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Inactivating the Identified Bacteria: Processing Options Essay

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Updated: Apr 25th, 2021

Table of Food-borne Bacteria Showing the Associated Features Relevant to Food Safety.

Food-borne Bacteria Onset Symptoms/ Infectious Dose Temperature (0C)
Min Opt
pH
Min-Opt
Gram Stain Source(s)
B. cereus 8 -16 h Abdominal pain and diarrhoea/ > 105cells 10 30-35 4.9-9.3 Gram-positive bacilli B. cereus sources vary depending on the syndrome. Contaminated starchy food that contains pre-formed toxins, including leftover boiled/fried rice and pasta, is implicated in the emetic form of B. cereusinfection (Morris & Potter 2013). In contrast, beef, dairy products, salads or desserts and vanilla sauces are the common causes of the diarrhoeal syndrome that develop due to the toxin produced in the gastrointestinal tract (Morris & Potter 2013).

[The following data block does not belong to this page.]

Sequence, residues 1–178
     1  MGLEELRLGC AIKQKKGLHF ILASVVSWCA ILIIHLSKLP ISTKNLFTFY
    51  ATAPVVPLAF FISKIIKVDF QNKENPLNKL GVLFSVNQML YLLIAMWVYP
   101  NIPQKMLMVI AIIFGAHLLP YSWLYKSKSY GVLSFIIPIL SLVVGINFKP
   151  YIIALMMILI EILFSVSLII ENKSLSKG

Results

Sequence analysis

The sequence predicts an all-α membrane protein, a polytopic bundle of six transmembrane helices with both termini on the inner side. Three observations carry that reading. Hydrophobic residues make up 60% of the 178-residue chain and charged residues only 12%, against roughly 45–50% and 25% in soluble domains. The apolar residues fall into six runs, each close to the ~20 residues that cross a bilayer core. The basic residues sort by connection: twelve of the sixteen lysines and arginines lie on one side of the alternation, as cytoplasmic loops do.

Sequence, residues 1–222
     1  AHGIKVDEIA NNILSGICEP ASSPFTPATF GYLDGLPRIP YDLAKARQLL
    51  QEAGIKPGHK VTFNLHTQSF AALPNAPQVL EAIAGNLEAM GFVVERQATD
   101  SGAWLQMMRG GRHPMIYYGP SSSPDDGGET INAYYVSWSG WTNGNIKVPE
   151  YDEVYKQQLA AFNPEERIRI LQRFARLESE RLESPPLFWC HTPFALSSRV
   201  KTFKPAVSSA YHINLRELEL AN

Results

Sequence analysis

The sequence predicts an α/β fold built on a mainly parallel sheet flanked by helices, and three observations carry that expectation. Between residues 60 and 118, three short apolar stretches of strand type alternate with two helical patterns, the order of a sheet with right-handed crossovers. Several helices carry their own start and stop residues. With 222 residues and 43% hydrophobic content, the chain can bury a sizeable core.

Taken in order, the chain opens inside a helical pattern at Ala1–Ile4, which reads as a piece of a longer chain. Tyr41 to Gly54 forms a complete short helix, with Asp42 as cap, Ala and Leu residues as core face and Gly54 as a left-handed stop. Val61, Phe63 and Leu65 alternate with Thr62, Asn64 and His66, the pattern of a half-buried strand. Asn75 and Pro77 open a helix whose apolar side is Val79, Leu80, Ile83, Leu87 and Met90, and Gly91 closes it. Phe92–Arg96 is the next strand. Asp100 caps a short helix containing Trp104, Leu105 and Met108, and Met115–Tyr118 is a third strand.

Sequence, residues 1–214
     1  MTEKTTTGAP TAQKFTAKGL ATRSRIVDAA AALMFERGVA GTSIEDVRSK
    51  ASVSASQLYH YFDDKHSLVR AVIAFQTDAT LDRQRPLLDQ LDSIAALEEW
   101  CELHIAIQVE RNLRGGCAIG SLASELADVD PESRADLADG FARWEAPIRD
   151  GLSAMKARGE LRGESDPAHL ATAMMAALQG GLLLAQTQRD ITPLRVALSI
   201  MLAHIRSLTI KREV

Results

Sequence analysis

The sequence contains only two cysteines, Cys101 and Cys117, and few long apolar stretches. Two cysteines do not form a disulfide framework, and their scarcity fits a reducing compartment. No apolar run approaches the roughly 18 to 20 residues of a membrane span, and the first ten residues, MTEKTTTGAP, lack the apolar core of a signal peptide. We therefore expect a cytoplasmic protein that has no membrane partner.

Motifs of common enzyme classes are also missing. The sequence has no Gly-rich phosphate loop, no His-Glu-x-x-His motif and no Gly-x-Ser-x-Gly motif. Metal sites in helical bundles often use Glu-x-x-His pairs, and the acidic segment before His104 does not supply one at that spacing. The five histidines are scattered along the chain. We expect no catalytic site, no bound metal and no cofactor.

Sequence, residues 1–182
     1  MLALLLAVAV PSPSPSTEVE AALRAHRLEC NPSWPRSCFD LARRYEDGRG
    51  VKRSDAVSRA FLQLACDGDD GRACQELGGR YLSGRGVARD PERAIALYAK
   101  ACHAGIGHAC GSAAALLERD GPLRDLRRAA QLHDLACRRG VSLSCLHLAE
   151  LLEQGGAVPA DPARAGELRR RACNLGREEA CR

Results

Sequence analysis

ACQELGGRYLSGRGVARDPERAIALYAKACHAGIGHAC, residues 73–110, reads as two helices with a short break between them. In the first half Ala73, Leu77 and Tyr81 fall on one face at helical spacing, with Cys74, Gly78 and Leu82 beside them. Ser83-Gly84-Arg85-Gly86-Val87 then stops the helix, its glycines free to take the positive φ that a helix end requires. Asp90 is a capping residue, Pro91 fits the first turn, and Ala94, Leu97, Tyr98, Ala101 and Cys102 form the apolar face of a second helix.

C. perfringens 6-24 h (incubation period). Average onset time is 8-24 h. Watery diarrhoea, nausea and stomach cramps/ >108 cells. The symptoms can last for 1-2 weeks. Dehydration is a common complication associated with C. perfringens infection. The ingestion of a large number of cells (>108) causes disease 15 43-47 5.0-7.0 Gram-positive bacteria Common environmental sources of C. perfringens include soil, sewage and spore-contaminated food. It also occurs in the gut of animals, including humans. Associated food sources include raw or dried meat and poultry and roast beef (Talukdar et al. 2016)